- a differentially permeable barrier composed of the lipid bilayer (polar head and nonpolar fatty acid tails), integral proteins, and peripheral proteins
What is the function of the phospholipid bilayer and membrane protiens?
- It functions as a deferentially permeable barrier
- -carbon dioxide, oxygen pass through freely while water, ions, sugars, amino acids, and proteins bounce off
most are transporters
What is simple diffusion?
Molecules pass directly through the PBL (oxygen and carbon dioxide)
What is facilitated diffusion?
- Molecules are assisted across the membrane by substrate specific transport proteins
- -monosaccarides, amino acids, vitamins, ions
- *no ATP used because it follows the concentration gradient, however it does also occur against the gradient
What is Osmosis?
Water moves across membrane both by simple diffusion and by passing through aquaporin proteins
Why is osmosis important to microbiology?
- 1. If the cell wall is damaged and cell is in a hypotonic ECF, the cell bursts
- 2. Bacteria in hypertonic environments grow poorly
What is Active transport?
- Protein pumps that are substrate specific carry ions, sugars, amino acids, and sometimes antibiotics across the membrane
- *uses ATP
- -against concentration gradient
How do you tell if the ECF is hypertonic or hypotonic?
- -This always deals with the amount of substrate in the ECF.
- -If there is more substrate in the ECF, it ishypertonic and water will leave the cell.
- -If there is more subtrate in the cell, the ECF is hypotonic and water will enter the cell
What is the bacterial chromosome and where is it located?
- -Bacterial chromosome is located in the Nucleoid
- -a single, continuous, circular thread of double stranded DNA (no envelope or histones)
- -attached to the plasma membrane
What is a plasmid and how is it different from the bacterial chromosome?
- A plasmid is a small, circular, double stranded DNA molecule that are extrachromosomal genetic elements
- -replicates independently of chromosomal DNA
- -not essential to survival
- -may be transferred to another bacteria
- Advantages: may carry genes for
- -antibiotic tolerance
- -tolerance to toxins
- -production of toxins
- -synthesis of protiens
What is the function, composition and structure of the Prokaryotic ribosome?
- Function: site of protein synthesis
- Composed of: 2 sub-units, consisting of protein and ribosomal RNA (rRNA)
Svedberg measure of density
What is the difference between prokaryotic and eukaryotic ribosomes and why is this relevant for antibiotic treatment?
- prokaryotic is 70S while Eukaryotic are 80S
- -certain antibiotics can interfere with protein synthesis in 70S while not harming host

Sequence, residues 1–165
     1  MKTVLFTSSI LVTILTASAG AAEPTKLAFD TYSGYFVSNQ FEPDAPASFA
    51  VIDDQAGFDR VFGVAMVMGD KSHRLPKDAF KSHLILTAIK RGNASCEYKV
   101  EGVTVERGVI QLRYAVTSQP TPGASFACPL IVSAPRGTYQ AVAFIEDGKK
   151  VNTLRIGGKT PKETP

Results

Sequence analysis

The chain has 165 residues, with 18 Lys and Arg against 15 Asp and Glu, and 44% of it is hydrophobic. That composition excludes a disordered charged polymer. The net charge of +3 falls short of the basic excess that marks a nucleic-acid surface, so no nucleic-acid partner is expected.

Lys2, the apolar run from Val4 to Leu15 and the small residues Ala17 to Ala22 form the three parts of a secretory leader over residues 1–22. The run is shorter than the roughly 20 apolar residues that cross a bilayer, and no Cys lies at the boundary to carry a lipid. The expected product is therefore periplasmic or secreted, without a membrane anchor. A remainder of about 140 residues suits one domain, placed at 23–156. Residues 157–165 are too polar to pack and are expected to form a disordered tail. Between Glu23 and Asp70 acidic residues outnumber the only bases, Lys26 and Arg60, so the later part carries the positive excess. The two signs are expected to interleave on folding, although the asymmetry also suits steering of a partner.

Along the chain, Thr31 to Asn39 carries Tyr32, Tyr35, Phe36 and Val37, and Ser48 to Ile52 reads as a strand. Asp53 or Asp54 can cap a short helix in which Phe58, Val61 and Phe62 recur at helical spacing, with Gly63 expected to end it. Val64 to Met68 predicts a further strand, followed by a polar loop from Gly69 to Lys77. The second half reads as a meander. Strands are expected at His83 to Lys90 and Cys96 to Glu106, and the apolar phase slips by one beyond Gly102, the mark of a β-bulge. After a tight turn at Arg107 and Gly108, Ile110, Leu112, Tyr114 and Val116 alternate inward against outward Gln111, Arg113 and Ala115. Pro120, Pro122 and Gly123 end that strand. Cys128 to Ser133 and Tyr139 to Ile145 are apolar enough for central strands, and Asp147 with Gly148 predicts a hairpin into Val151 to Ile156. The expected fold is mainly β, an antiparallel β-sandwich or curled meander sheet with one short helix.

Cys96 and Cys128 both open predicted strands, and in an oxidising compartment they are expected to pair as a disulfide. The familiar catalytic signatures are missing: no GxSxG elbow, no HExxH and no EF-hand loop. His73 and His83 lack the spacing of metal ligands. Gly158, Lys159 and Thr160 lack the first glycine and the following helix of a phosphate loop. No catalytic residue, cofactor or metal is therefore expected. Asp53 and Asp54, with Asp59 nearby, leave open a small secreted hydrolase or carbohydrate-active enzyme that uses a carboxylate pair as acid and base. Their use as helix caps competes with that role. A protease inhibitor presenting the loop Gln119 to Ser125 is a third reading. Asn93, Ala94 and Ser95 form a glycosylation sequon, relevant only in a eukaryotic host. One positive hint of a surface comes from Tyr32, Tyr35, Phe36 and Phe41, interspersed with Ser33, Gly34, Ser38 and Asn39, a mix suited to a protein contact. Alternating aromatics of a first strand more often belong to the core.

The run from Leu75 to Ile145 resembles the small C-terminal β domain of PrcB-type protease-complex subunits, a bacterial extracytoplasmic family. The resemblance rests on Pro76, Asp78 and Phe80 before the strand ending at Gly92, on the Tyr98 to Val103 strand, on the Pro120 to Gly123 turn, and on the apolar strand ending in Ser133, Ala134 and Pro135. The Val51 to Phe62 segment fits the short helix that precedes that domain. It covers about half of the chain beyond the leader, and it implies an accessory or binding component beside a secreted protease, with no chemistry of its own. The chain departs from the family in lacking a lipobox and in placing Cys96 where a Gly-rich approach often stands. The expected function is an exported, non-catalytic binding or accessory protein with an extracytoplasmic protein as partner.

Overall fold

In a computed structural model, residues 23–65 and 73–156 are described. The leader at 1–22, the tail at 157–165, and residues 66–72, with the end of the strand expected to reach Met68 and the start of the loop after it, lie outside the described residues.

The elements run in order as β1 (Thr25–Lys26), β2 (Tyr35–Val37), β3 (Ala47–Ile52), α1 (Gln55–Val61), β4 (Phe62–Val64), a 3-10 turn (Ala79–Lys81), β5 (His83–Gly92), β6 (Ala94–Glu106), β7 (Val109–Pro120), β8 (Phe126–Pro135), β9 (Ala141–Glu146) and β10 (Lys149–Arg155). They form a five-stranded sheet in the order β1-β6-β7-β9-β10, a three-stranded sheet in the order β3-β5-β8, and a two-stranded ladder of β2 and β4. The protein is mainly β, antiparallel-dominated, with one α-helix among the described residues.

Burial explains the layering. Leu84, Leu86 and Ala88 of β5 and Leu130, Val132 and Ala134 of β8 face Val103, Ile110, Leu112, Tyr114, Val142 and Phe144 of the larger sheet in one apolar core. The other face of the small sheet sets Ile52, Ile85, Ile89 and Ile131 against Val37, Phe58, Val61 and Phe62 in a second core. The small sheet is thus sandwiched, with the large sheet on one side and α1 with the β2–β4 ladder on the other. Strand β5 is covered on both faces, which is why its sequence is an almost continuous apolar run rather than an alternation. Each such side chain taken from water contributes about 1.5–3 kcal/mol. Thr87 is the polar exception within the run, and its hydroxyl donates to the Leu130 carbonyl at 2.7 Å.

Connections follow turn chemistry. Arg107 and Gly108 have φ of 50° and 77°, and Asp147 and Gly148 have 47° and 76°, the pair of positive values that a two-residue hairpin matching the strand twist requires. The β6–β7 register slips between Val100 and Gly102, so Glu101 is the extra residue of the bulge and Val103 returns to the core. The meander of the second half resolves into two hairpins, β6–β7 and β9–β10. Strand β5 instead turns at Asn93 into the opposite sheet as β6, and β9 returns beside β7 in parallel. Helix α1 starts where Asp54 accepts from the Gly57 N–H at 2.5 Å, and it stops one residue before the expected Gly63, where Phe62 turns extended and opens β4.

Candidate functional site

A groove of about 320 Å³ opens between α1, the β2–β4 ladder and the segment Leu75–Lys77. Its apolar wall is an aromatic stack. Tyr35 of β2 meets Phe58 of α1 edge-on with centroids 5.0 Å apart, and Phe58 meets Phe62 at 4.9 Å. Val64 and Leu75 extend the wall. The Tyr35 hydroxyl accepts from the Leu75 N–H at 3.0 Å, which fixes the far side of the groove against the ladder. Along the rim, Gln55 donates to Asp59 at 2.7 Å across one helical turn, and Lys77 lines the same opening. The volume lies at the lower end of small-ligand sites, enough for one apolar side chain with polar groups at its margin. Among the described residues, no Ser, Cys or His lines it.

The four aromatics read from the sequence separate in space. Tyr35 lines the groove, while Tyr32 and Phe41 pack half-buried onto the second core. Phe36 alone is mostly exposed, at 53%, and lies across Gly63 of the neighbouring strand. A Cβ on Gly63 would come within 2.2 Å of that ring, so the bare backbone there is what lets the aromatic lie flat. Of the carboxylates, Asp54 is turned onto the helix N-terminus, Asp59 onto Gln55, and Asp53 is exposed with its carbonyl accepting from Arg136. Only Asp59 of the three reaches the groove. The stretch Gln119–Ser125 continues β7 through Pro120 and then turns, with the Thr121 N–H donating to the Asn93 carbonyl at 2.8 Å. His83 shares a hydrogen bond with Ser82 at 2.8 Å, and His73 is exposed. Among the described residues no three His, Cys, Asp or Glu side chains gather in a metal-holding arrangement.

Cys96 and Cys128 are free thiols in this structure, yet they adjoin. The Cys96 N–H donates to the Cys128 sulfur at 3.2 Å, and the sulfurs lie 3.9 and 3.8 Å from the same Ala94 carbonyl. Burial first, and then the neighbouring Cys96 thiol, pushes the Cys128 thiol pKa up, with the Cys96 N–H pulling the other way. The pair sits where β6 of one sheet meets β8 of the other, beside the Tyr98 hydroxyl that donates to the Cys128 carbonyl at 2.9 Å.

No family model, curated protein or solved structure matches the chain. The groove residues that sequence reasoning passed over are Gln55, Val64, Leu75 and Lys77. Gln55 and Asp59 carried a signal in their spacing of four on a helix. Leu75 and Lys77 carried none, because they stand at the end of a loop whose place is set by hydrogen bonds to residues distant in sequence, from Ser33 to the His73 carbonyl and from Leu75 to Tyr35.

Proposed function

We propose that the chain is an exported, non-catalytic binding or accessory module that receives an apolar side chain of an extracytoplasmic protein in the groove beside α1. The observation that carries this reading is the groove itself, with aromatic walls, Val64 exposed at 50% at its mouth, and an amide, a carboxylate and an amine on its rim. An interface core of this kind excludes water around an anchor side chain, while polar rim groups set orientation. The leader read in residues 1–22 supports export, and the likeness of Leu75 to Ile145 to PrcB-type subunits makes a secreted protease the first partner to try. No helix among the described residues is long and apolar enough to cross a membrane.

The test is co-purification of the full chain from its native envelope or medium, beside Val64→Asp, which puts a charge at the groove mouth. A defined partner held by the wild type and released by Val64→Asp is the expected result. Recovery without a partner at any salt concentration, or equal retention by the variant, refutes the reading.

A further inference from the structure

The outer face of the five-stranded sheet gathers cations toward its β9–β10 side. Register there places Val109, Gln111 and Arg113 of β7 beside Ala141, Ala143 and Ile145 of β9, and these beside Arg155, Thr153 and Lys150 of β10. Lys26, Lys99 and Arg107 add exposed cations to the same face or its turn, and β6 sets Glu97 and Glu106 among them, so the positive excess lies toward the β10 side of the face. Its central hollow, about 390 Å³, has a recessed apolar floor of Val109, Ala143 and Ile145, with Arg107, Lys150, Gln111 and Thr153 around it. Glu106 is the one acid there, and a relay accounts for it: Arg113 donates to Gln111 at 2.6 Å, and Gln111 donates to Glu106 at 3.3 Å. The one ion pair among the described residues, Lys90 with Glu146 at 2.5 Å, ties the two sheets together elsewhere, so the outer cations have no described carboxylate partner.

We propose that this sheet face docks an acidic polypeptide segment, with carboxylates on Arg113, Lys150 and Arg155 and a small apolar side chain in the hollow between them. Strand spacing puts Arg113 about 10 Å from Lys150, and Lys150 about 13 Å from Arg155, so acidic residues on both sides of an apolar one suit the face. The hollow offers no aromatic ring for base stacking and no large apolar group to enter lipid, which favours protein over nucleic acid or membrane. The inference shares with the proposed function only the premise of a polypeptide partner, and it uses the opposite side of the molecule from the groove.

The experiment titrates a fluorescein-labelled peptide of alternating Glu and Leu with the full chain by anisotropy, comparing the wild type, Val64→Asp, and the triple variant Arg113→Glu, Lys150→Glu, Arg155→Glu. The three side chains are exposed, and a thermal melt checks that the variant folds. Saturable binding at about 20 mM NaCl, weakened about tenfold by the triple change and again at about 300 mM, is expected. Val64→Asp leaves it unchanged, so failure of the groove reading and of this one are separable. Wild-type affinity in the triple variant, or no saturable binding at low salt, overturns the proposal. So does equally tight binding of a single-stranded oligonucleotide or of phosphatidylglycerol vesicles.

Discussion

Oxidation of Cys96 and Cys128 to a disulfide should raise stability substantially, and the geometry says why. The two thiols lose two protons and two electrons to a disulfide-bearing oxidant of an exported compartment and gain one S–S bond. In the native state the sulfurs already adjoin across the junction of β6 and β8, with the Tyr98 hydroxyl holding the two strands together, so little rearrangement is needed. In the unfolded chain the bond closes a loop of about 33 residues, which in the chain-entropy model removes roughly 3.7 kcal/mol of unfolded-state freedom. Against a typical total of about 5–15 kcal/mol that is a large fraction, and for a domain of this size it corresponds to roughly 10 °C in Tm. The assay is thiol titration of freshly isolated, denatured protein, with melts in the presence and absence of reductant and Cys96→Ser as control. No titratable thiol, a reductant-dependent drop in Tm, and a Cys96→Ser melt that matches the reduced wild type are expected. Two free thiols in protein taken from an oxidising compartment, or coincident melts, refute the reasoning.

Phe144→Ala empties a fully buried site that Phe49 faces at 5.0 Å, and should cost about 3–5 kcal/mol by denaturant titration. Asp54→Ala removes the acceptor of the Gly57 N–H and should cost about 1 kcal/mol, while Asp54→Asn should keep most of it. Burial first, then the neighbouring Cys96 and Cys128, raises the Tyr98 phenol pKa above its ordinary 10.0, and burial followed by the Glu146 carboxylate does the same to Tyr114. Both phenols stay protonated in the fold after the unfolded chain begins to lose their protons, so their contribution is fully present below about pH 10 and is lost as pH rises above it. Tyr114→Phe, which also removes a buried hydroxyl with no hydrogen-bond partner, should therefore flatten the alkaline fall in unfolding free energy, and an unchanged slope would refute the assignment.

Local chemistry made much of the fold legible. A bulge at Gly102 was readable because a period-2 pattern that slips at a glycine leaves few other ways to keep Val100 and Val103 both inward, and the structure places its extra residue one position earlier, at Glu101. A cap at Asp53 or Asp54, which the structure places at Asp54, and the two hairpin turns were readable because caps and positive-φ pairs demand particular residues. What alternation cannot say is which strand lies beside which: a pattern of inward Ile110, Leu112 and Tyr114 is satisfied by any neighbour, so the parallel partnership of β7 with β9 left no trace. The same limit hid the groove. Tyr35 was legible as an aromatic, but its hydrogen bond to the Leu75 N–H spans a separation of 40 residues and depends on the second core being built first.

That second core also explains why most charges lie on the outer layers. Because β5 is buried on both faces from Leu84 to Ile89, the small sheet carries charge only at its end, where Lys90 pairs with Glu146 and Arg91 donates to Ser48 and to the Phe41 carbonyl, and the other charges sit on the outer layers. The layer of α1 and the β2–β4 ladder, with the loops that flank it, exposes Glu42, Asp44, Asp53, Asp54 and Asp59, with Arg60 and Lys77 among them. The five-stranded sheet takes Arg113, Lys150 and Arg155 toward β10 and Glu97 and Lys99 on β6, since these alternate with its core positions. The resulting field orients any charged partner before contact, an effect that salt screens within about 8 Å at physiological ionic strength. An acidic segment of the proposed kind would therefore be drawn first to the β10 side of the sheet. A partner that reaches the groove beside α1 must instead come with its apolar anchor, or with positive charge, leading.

What are the general function of inclusion and name 3 different types?
- Inclusions: reserve deposits
- 1. metachromatic granules: hold polyphosphate for ATP production
- 2. polysaccaride molecules: contain glycogen and starch
- 3. Lipid inclusions: lipid nutrient reserves
What are two bacteria that develop endospores and what diseases do they cause?
- Bacillus-respiratory problems (B. anthracis for example)
- Clostridium-digestive problems (C. difficile causes major diarrea)
What environmental stimulus triggers sporulation?
Sporulation is triggered when a key nutrient, such as carbon dioxide or nitrogen is depleted for unavailable
What are the major events of sporulation?
- 1. sporeseptum begins to isolate newly replicated DNA and small protein of cytoplasm
- 2. Plasma membrane starts to surround DNA, cytoplasm, and membrane isolated in step 1
- 3. Spore septum surrounds isolation portion forming endospore (forming 2 membranes)
- 4. Peptidoglycan layer forms between membranes
- 5. Spore coat forms
- 6. endospore is freed from cell
What is the structure of the endospore? Describe these aspects: spore coat, peptidoglycan layer, DNA, cytoplasm including ribosomes and enzymes, and water content
- Endospore only contains the essentials: DNA, small amounts of RNA, ribosomes, and enzymes
- -surrounded by spore coat and peptidoglycan later
What causes germination of the endospore?
- Germination takes the endospore from dormant to vegetative
- - triggered by physical or chemical damage to the endospores coat
- -causes endospores enzymes to break down extra outer spore coat and water enters
What makes spore formers more durable and what does this mean for treatment?
- Vegetative cells are easy to kill, but endospores are not. Their thick spore coat keeps out antibiotics and makes it very hard to treat while endospores are dormant.
- -hardest MO to treat
Why is a spore not considered a reproductive structure?
The endospore is only one cell. It is not means of reproduction, but of survival
What is the endosymbiotic theory?
- The idea that mitochondria and chloroplasts used to be bacteria
- -both have their own circular DNA
- -both are enclosed with a double membrane (PLB)
- -both have 70S ribosomes
- Advantages for the small cells:
- -big cell is a source of nutrients
- -big cell is a source of protection
- Advantages for big cells:
- -small cells produce more ATP